• Thank you for this insightful post. I pastored a couple of churches before becoming an Air Force Chaplain. I always enjoyed visiting and always tried to strike a balance in the time I spent in sermon prep and visitation. But in the end, I was accused of not visiting and whenever I would show I had been visiting I was then accused of not visiting enough. I am now in the process of separating from Active Duty and am prayerfully considering pastoral ministry once more with some fear and trepidation about the whole visitation mindset (and some other issues) but I am trusting the Lord’s providence, as well.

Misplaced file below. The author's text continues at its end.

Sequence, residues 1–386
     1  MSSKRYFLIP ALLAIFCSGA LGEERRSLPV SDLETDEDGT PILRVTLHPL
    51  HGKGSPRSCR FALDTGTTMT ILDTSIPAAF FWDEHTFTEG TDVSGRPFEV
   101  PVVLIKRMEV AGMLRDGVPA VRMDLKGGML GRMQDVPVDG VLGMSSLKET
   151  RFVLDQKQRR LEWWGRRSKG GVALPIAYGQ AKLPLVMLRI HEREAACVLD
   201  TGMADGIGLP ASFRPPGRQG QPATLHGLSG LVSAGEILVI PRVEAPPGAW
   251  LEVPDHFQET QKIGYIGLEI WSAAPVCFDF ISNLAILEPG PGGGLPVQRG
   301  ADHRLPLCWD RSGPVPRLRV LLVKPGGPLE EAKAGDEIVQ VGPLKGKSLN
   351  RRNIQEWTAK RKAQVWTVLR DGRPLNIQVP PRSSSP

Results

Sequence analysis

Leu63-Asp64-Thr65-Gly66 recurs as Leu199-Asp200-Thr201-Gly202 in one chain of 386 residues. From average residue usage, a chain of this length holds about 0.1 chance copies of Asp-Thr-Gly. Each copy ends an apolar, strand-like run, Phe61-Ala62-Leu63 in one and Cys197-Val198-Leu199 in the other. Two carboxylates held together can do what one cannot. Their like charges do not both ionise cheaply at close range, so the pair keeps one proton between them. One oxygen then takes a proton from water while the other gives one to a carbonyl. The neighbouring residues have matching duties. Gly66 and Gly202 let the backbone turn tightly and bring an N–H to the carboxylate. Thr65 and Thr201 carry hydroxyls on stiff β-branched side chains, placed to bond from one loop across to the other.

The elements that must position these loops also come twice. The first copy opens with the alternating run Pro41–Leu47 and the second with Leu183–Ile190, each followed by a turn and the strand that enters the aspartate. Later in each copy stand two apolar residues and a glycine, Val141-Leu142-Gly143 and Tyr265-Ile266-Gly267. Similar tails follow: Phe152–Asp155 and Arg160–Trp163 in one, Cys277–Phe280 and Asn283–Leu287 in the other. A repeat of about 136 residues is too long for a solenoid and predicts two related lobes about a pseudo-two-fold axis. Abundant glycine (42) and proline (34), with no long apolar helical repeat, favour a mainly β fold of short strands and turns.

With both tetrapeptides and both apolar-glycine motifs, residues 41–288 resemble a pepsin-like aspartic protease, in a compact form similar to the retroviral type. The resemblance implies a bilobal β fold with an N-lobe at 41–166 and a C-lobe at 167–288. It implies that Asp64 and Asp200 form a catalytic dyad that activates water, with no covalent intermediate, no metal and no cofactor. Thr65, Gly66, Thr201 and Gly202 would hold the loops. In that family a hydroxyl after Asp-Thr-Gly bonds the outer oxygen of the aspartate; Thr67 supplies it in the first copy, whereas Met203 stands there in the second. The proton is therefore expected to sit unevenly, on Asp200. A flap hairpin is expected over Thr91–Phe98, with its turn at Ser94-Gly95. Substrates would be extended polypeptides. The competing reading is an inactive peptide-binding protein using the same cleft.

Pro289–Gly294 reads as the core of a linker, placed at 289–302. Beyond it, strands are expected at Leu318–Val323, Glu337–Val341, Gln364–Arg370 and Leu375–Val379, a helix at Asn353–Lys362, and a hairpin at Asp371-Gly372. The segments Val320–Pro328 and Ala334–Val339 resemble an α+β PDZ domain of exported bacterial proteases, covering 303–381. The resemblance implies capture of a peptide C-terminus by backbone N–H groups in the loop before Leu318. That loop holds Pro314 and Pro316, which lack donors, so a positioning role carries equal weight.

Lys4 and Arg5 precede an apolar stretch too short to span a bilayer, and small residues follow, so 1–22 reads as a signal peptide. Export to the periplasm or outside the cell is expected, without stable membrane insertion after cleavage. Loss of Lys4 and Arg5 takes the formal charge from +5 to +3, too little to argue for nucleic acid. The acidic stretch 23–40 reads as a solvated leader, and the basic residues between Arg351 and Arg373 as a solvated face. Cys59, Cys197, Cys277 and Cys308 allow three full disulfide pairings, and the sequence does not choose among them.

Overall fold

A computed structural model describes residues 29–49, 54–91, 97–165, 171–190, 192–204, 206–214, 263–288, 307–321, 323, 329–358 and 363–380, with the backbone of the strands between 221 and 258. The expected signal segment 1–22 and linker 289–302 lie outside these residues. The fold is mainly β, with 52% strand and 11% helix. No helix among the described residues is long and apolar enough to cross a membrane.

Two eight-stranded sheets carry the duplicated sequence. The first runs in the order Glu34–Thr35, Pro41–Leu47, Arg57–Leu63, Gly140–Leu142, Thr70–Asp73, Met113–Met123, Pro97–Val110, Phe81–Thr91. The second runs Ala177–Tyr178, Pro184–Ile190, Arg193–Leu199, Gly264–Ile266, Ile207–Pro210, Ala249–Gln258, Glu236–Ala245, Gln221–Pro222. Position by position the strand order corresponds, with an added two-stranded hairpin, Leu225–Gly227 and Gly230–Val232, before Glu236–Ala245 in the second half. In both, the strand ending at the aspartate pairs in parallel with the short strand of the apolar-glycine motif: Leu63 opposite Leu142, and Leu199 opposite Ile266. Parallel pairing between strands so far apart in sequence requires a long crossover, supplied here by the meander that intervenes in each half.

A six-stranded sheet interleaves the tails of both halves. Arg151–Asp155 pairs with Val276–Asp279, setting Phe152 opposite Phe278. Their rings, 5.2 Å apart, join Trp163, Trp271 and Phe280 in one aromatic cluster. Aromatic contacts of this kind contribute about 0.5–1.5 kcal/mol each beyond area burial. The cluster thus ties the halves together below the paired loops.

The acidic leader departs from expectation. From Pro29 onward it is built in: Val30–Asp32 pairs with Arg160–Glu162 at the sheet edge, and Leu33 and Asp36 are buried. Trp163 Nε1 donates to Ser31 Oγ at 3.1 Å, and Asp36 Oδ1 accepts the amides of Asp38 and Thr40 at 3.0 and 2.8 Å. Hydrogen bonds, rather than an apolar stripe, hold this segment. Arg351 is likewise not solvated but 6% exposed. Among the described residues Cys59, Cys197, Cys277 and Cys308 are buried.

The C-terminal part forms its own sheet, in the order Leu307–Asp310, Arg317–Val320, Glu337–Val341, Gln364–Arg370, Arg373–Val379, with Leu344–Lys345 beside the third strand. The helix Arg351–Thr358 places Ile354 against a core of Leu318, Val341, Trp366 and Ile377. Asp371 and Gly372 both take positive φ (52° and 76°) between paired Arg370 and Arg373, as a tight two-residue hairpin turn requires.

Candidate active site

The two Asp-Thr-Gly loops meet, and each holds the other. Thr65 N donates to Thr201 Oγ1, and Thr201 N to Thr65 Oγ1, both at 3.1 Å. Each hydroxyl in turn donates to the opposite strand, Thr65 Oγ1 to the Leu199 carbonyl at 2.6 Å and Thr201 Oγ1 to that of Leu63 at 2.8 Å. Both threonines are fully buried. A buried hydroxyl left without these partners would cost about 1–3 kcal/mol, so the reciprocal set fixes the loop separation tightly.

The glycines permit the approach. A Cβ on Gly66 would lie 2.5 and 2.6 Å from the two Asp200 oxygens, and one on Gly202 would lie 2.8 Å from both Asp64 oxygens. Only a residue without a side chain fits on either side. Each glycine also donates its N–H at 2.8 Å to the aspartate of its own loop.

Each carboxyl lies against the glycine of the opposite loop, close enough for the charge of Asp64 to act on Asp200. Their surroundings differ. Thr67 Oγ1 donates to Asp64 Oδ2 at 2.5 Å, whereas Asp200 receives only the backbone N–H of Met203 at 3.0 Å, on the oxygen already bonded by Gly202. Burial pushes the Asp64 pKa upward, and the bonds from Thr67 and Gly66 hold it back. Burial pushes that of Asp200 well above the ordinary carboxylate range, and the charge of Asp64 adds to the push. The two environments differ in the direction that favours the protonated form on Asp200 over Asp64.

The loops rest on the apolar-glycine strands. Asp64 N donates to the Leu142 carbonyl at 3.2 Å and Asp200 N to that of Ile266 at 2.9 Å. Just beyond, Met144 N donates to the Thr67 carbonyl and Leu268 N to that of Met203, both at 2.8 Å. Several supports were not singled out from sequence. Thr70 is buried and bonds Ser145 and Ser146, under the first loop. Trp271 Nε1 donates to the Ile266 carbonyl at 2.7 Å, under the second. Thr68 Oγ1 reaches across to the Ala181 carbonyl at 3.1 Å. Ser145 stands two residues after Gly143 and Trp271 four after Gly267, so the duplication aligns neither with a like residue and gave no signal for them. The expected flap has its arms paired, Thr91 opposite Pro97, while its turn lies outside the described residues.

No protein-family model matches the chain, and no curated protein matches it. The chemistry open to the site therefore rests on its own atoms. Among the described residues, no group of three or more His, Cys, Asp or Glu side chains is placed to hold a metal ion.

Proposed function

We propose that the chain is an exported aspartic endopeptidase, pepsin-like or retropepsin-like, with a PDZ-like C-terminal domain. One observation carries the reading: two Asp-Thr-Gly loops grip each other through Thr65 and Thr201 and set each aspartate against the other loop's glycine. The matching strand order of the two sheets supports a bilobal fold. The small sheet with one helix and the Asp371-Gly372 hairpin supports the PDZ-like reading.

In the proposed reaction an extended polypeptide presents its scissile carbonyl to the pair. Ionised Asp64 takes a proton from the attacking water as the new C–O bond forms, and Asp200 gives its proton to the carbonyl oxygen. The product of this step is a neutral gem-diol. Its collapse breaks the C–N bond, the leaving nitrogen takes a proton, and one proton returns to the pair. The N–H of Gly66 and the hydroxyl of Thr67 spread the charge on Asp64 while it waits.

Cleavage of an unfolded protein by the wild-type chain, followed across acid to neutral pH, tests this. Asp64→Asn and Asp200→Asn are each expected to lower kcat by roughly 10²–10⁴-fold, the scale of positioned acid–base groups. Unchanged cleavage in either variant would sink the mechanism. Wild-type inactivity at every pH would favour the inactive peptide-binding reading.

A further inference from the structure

• I cannot read this post without tears streaming down my face. Visiting was not the only issue why I left my last church (5 years ago this September) but it played a big part. I will admit I made a lot of mistakes at that pastorate. I was 32 when I went there and it was my first senior or lead pastor role. Also it was a church that at once averaged over 200 but had since fallen to below 100. I went with an outward focus to get the church growing and moving. The church was excited at the beginning but that changed quickly when they realized I was not a chaplain, as their previous pastor had been. I wanted the church to have a van/bus ministry pick up kids for church on Sunday mornings (I had a person yearning to do it) but the deacons and leaders said how will we control children without parents there. (I then proceeded to blog about the issue; as I said I made a ton of mistakes, some very unwise and some plain stupid ones). I also pushed for working from the local cafe once or twice a week to be out and meet people, but no, I was either to be in my office (however never with the door closed doing sermon study) or out in members houses. I even had to start turning in a detailed weekly time log to the personnel committee. I was not fired nor asked to resign but there was a vote in a deacon’s meeting about terminating me, and it was said it could only pass unanimously. The meeting was in my office with me present. The second vote I gained votes of support and the issue was dropped. After a year my wife and I were too bruised to continue. Thankfully my oldest son was just a few months old and has no memories of the place.